Real-time pharmacogenetic-guided dosing of warfarin does not lead to a reduction in prothrombin timeinternational normalized ratios (INRs) out of the therapeutic range compared with standard warfarindosing, although it did lead to smaller and less frequent warfarin dosing changes, reported JeffreyL. Anderson, MD.
Previous research identified variants in CYP2C9 and VKORC1 genes that partly influence the variationin response to warfarin.
The 206 warfarin recipients in this study were randomized in a double-blind fashion to genotype-basedwarfarin dose initiation and maintenance or to a standard, empiric dosing algorithm.
DNA was extracted from a buccal swab to identify polymorphisms in the CYP2CP*2 and *3 and the VKORC1genes, using rapid profiling.
The study showed that rapid genotyping to guide anticoagulation therapy in "real time" was feasible.Pharmacogenetic-guided dosing resulted in more stable dosing (P P=.002) and fewer (P=.06) dose changes compared with empiric dosing.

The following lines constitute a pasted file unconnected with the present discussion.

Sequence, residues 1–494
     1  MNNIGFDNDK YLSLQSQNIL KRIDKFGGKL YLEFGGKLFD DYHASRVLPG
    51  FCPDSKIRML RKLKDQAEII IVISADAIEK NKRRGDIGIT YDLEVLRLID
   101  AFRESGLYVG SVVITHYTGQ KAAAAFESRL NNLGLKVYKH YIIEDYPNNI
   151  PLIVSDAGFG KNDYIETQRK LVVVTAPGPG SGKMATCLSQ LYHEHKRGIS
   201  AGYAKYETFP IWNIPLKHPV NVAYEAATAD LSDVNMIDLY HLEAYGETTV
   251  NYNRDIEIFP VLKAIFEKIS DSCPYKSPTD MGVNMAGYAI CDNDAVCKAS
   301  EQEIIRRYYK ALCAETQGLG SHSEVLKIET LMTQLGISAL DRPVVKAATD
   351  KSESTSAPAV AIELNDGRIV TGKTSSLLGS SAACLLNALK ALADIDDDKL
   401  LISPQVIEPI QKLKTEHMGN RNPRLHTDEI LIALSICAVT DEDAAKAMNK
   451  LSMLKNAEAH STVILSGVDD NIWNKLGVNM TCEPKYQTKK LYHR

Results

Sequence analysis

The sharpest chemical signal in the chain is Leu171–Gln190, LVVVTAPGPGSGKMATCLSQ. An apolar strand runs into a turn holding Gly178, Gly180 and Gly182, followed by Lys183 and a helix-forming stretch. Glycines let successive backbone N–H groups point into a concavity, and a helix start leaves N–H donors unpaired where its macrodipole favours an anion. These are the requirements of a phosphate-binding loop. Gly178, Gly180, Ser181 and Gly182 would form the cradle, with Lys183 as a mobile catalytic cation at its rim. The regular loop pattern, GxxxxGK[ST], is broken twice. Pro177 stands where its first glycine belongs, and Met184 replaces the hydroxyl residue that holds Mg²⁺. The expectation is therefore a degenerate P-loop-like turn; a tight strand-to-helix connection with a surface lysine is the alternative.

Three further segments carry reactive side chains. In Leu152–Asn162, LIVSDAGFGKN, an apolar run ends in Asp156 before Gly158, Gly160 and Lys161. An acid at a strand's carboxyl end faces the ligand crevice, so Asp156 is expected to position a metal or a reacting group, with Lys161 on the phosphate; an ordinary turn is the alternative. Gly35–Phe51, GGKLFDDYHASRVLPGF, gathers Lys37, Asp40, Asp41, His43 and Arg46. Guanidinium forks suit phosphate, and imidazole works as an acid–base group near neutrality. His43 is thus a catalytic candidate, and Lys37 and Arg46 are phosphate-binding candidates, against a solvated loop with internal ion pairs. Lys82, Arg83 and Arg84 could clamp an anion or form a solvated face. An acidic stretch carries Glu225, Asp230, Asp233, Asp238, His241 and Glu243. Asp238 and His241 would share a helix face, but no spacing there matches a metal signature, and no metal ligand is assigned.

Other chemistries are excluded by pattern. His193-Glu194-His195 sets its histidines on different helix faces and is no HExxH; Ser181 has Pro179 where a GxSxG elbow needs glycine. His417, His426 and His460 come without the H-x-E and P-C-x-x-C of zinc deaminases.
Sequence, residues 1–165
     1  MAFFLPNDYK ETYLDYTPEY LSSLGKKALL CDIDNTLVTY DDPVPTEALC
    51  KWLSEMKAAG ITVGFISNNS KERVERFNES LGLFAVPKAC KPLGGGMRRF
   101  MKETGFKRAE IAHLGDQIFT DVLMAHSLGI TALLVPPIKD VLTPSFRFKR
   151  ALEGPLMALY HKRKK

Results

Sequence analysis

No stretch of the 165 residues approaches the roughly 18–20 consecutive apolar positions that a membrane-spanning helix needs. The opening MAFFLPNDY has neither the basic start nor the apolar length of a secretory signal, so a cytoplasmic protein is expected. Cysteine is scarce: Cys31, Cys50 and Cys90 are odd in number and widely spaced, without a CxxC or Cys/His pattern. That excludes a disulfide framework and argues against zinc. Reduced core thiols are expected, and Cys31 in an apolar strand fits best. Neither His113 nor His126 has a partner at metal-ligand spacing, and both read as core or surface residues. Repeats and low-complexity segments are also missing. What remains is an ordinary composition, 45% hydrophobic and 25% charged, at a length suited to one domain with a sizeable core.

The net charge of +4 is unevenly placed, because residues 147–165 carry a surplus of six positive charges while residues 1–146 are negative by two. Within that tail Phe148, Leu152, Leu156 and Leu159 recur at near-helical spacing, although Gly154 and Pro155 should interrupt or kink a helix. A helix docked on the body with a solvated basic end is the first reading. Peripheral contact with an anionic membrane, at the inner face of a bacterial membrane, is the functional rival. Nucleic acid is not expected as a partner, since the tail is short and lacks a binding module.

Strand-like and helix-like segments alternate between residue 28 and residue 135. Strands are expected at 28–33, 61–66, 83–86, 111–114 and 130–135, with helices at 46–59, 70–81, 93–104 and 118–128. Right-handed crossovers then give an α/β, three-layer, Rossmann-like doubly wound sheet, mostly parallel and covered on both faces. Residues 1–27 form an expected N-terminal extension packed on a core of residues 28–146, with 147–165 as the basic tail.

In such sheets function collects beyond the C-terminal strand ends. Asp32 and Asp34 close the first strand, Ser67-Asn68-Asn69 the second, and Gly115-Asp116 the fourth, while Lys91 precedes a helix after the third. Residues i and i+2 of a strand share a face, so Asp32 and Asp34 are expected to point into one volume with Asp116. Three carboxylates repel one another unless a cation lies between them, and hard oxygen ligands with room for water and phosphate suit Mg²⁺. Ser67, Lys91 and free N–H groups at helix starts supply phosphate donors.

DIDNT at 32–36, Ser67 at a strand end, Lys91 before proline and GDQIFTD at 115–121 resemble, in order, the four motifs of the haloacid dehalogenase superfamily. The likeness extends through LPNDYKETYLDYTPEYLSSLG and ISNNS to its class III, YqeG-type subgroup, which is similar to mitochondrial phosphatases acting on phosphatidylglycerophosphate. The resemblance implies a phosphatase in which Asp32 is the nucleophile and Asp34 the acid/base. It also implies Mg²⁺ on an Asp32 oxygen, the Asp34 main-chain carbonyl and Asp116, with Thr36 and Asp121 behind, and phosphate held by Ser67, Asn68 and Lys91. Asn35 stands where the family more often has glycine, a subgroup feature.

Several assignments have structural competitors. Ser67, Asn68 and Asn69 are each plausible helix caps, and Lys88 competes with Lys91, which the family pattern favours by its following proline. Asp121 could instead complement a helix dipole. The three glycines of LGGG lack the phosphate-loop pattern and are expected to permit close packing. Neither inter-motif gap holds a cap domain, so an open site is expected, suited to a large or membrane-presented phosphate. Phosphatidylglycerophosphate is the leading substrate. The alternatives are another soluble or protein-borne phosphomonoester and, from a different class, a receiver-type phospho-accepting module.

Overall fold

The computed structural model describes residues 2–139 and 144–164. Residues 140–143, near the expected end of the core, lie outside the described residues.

However, the out-of-range INRs, which was the primary endpoint of the study, did not differsignificantly between the two arms (pharmacogenetic = 30.7%; standard = 33.1%).
In a subset analysis of the primary endpoint, the percentage of INRs out of range was significantlyless (P =.03) when confined to the patients with wild-type or multiple variant carriers(pharmacogenetic = 29.3%; standard 39.1%).
According to Dr Anderson, associate chief of cardiology at LDS Hospital, University of Utah, SaltLake City, rapid genotyping still holds promise as a means to deliver personalized medicine, but theprecise setting and patient groups in which it will be most helpful still need to beidentified.
He said that outcomes were better than expected in the standard dosing arm because the majority ofthis group had careful management of dosing by a dedicated anticoagulation service, with initialdaily INR measurement common.
The study was published simultaneously to Dr Anderson's presentation at the American HeartAssociation Scientific Sessions in Circulation.